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The Mass
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What We Believe is What We Pray and Live
By Father Tom Margevicius
The following is the first part in a seven-part series on the Mass.
 
Ite, Missa est.” This is the Latin ending of the Mass, rendered in English as: “The Mass is ended, go in peace.

“OK,” you’re thinking, “here’s another article — or worse, a series of articles — on the pre-Vatican II Mass.”

Wrong. I know the old Latin Mass is a hot topic, but I start this column with the Latin words for two other reasons.

The first is to say that “missa” is where we get the English word “Mass.” Second, “Ite, Missa est” means we are
“missioned” by Jesus Christ himself to bring the Good News to the world (Matthew 28:19-20). The dismissal more than just signals that we can go home — it tells us what to do after Mass.

The church uses the Latin phrase, “lex credendi, lex orandi” — “the law of believing is the law of praying” (“Catechism of the Catholic Church,” 1124). This means that if you want to know what we Catholics believe, look at how we pray, and vice versa.

Pope Benedict XVI’s exhortation, “The Sacrament of Charity,” follows that basic pattern: Part 1 is titled “A Mystery to Be Believed” (“lex credendi”). Part 2 is “A Mystery to Be Celebrated” (“lex orandi”).

But the pope adds a Part 3: “A Mystery to Be Lived.”

One might say Pope Benedict XVI expands the phrase to “lex credendi, lex orandi, lex vivendi” — the law of belief is the law of praying is the law of living.


Mass is about more than fancy words and strange vestments and vessels. It’s about changed lives: ours, and by the power of the Holy Spirit, the lives of those we encounter.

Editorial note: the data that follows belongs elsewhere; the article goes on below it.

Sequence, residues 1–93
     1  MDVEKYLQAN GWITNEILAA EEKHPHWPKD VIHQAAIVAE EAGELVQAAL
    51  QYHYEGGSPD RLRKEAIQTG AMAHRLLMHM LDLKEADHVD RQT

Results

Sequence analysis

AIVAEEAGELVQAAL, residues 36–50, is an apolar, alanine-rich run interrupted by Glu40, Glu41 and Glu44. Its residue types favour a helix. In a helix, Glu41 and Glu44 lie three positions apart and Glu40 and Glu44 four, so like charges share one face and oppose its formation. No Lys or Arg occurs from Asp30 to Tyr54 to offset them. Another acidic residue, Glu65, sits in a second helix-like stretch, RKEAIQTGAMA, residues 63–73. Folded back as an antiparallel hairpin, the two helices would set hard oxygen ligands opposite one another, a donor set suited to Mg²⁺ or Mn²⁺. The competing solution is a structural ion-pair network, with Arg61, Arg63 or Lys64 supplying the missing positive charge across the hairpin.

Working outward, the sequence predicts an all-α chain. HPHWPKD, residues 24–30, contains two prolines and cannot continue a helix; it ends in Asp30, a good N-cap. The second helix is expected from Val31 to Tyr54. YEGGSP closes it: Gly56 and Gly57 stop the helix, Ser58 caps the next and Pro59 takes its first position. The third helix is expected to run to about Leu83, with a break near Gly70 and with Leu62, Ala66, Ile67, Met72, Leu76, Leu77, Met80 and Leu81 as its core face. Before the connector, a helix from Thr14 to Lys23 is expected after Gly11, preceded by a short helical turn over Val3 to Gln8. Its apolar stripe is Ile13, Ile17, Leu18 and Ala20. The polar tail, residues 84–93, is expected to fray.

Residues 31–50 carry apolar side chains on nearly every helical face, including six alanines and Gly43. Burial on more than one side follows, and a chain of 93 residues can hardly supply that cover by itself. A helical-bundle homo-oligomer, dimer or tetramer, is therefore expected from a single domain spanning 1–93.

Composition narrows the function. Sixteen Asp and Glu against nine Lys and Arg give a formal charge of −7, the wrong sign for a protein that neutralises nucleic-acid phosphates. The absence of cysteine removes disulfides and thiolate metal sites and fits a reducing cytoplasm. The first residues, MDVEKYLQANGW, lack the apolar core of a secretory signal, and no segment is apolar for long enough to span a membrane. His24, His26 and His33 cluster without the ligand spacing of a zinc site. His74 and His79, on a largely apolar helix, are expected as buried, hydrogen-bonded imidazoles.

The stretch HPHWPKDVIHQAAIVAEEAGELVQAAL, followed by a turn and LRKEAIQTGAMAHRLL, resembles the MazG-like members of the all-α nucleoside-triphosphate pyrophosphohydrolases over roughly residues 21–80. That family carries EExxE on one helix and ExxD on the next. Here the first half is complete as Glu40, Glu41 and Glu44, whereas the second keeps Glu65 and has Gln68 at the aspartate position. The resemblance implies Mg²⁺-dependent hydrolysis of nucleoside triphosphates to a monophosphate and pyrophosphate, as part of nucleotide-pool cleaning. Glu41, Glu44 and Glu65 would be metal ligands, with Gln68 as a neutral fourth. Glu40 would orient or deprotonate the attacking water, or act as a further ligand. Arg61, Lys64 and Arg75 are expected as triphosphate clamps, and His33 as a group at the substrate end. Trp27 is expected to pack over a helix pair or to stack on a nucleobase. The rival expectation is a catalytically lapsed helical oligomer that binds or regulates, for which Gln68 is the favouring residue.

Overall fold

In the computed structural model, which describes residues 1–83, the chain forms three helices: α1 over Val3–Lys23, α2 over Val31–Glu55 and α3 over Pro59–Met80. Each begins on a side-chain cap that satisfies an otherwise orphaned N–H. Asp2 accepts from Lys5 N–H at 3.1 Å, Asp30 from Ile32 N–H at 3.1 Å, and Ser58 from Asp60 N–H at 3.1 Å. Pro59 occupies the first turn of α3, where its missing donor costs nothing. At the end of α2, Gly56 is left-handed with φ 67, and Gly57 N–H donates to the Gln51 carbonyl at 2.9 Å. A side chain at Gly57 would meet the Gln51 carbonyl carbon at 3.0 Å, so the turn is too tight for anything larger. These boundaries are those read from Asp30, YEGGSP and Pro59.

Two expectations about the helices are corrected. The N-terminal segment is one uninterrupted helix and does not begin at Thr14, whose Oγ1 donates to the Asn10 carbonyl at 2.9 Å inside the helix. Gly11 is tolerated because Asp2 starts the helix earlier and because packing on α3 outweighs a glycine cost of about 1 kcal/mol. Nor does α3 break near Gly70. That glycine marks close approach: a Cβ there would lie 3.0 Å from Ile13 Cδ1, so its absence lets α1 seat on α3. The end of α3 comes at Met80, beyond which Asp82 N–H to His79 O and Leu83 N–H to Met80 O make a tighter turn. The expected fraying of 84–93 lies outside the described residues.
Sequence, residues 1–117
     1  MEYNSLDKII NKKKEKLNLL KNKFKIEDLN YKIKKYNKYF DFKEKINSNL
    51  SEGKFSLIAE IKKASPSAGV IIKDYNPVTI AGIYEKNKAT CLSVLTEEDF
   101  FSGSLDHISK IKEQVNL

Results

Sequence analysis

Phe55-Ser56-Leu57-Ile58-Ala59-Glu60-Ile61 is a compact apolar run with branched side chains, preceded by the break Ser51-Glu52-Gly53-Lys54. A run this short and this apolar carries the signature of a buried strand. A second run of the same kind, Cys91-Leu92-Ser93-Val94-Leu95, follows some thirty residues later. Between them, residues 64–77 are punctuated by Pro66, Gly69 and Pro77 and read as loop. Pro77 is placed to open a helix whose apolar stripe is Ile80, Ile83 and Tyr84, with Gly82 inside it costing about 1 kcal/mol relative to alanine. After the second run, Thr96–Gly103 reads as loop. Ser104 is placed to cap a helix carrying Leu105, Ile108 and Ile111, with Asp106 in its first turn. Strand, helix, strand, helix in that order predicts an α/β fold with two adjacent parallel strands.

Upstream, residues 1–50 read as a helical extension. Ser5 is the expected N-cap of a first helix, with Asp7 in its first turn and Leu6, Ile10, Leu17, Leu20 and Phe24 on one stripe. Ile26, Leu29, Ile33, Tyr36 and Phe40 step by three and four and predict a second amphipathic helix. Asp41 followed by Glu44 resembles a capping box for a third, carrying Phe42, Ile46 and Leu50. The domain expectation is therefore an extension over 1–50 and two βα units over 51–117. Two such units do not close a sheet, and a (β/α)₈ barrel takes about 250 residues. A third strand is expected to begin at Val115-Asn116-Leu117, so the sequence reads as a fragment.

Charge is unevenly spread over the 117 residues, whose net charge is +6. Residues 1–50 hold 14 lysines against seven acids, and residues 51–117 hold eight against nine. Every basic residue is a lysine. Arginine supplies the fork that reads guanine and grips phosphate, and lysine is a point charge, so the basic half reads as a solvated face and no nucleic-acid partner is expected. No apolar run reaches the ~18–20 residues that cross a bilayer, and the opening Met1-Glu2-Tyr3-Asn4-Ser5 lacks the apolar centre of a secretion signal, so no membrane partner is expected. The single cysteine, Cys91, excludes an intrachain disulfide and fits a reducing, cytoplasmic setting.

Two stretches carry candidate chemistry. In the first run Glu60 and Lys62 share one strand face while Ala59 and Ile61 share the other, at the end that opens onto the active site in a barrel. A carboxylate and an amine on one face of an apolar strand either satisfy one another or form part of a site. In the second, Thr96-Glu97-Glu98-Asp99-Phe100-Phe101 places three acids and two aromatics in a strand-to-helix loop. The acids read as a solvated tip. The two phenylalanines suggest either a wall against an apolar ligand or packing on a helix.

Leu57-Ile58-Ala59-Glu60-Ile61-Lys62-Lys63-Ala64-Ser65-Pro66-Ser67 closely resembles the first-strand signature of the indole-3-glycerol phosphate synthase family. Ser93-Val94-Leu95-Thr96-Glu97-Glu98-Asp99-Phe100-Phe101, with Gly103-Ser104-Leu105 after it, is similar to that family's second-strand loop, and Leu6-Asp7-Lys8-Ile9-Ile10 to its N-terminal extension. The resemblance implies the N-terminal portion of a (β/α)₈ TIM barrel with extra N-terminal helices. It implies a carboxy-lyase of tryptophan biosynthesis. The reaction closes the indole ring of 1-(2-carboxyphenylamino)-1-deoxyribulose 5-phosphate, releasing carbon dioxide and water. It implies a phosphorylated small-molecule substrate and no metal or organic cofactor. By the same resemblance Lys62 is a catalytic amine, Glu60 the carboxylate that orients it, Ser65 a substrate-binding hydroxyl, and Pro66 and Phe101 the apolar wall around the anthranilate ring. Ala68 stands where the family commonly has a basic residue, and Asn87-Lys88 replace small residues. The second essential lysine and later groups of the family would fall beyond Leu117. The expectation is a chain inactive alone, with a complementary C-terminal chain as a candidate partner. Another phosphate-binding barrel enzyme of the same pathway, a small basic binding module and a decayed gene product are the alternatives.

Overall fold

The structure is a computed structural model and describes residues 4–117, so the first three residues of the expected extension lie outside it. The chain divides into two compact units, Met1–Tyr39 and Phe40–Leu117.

For that reason, the popular “Gather” hymnal we use in church could also have been titled “Dismiss!” because we are charged to go out and bring Christ to a world that needs him.

These articles on what happens at Mass mean nothing unless we are converted. But I’m ahead of myself. We’ll discuss the dismissal later. For now, let’s start with a few other basic concepts for understanding Mass.
 
Time and space. The incarnation, Passion and resurrection of Jesus are timeless. Though they happened historically and geographically in Palestine 2,000 years ago, their reality becomes present here and now in our celebration. “Remembering,” in the strong liturgical sense, is how we become present to that always-and-everywhere reality (CCC, 1362-1363).

Signs and symbols. Question: Is the Eucharist the real presence of Christ, or is it a symbol? Answer: Yes.

The Eucharist is both the real presence and a symbol, or better, a collection of symbols. We hesitate because “symbol” to us connotes something unreal, but that is not the traditional
Catholic understanding. Every sacrament is a sign (CCC, 1123); the sign is the reality, present in a particular way.

To say the Eucharistic presence is symbolic means Jesus Christ comes to us through bread and wine, which the Spirit changes into Christ’s Body and Blood, and also through the Word, people, actions and even objects of the Mass
(CCC, 1131).

Distinctive roles, words, actions and objects. A few years ago, a college sports team met with President Bush, and people gasped because some women on the team wore flip-flop sandals. The reaction was reasonable because for really special events we dress up.

The Eucharist commemorates the most important event ever, and our words, actions and objects should dress it up. That’s why the church protects worship from becoming too pedestrian. Not just anybody leads the Eucharist. We choose particular men and ordain them to do so. We don’t use paper cups and plates, nor do we talk to God using words like, “Hey, Dude!” Something special is going on.

Full and active participation. St. Pius X didn’t want people to pray at Mass, he wanted them to pray the Mass. Pius XII encouraged full and active participation, a phrase re-emphasized at Vatican II. The better we understand our special roles, words and actions, the better our worship.

During the next six sections, we will look at each part of the Mass in succession so we can understand, celebrate and live it even better.

 

Father Tom Margevicius is instructor of liturgical theology at St. Paul Seminary School of Divinity in St. Paul.